All in all, it was a fun weekend....and we marveled, once again, at how easy it is to get into the city, and we discussed how we should do it more often. Last time we said that it was a year ago.....somehow I doubt we'll get there again until another year has passed!

Wednesday, July 25, 2007

Harry haze....or the most astonishing amount of willpower ever to be endowed on a married couple

That's right....I, like so many of my fellow Potter fans, have been in a bit of a Harry haze these last few days.

But not because I'm reading the last book of the series. In fact, I haven't read one single page of the new book.

Yes, of course I own it....I know you are thinking (in a confused Neville Longbottom like way) "But wait, you own the latest book, you are on summer vacation so therefore you have loads and loads if time to sit on a cozy chair and read it and you aren't reading it!?! What's wrong with you?!?"

Well---see--it's this whole marriage thing. It's sort of preventing me from reading the latest book.

Let me explain: Russ and I have a long history with Harry. Our relationship can even be marked by the series. No lie. For those of you that don't know, we met online (match.com--before it was cool to do so) and the very first time I ever saw Russ, he was sitting in a cafe, reading the latest Harry Potter book that had just come out the day before. Many of our initial conversations revolved around the books....Fast forward two years and the next book came out on our wedding day. And much like Courtney Lanahan, we managed to procure two copies of the book to bring on our honeymoon where we read- and discussed- one chapter at a time while sitting on a gorgeous beach. (Although I certainly didn't go into a bookstore in my wedding dress. No, Russ went and bought the books for us. Although he was in his tux pants....) Our second anniversary approached and so did the final installment of the series.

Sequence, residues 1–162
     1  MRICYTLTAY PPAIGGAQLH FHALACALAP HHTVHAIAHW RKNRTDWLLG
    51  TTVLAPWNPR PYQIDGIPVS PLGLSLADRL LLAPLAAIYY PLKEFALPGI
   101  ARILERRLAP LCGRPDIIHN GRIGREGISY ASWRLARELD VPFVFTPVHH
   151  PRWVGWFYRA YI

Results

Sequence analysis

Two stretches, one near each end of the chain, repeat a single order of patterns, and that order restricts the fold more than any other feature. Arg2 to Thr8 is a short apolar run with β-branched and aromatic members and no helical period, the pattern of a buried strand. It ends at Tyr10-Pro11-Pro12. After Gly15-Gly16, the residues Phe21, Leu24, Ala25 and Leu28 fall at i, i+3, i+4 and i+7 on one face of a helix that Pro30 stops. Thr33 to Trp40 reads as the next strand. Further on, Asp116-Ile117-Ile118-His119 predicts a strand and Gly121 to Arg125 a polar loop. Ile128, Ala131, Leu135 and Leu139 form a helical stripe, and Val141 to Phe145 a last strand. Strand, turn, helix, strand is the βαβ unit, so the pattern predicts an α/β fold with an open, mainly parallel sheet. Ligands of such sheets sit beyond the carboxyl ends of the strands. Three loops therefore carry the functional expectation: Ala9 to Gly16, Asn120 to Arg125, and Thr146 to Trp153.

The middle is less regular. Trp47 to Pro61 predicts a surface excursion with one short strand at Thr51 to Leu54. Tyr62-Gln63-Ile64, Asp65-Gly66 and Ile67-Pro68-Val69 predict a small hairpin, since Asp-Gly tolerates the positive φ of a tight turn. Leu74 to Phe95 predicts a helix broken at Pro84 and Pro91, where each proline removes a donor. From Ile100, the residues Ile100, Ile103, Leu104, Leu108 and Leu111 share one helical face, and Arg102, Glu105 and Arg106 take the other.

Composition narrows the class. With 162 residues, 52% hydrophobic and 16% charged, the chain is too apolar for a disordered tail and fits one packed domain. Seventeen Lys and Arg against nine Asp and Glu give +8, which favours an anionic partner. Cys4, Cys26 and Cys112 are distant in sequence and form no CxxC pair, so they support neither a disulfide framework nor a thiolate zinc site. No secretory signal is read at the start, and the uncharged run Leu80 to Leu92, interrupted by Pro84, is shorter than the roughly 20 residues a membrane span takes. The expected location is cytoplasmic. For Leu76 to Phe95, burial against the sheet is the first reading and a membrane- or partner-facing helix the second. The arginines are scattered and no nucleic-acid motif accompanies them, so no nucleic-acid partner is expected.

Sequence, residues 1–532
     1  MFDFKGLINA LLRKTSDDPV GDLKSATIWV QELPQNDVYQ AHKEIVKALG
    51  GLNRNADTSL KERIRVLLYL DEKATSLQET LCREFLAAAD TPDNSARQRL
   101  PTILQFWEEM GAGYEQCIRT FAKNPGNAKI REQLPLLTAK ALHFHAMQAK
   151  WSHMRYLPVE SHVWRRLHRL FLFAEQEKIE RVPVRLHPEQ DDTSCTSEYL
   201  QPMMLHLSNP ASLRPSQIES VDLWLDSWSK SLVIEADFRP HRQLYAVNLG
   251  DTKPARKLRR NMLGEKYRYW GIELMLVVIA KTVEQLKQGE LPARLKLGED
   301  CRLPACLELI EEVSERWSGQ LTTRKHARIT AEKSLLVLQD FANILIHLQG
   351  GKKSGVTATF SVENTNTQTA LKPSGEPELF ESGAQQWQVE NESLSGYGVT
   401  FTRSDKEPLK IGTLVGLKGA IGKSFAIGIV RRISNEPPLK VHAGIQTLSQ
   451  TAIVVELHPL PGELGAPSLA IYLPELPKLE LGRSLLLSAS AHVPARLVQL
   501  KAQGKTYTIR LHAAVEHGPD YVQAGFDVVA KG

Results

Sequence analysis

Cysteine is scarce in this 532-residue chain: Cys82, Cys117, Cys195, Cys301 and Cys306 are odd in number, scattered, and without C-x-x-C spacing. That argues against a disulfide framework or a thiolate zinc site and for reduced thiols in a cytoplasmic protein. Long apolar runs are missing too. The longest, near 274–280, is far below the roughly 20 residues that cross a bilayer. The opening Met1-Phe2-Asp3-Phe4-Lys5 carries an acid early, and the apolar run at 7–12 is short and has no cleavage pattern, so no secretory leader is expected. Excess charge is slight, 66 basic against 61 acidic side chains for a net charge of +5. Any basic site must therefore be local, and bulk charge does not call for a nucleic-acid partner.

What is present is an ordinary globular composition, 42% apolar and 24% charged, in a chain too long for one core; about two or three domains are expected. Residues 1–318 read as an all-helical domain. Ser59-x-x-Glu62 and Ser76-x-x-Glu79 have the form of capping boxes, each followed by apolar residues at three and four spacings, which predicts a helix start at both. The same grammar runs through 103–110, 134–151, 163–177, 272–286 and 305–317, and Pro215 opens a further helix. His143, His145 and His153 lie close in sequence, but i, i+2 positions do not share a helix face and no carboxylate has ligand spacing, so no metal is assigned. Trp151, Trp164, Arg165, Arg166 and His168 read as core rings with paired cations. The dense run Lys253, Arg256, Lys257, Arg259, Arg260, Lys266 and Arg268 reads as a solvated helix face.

So, now you know the history, I'll tell you the problem: I had thought to reread the whole series before reading the last book. Ambitious, I know. Russ had thought to reread Harry Potter and the Half Blood Prince before rereading the final book. After seeing the latest movie (twice), I changed my mind and decided we just needed to read the last book already. School is fast approaching (I don't want to talk about that) and once school starts, well....first of all I just know that all of my students will have read it (and most of my colleagues), and I'll be too busy with school work to read it. I argued my case--rather fervently I might add.
But to no avail. Russ held firm: he wants to read book six before moving on.
He did tell me I could read the last book without him but, clearly, what kind of wife would I be if I did that?!
Plus I'd have no one to talk to about it. (I realize that is a ridiculous statement since everyone seems to be reading the latest book but I mean, no one in my immediate vicinity to discuss the plot with.)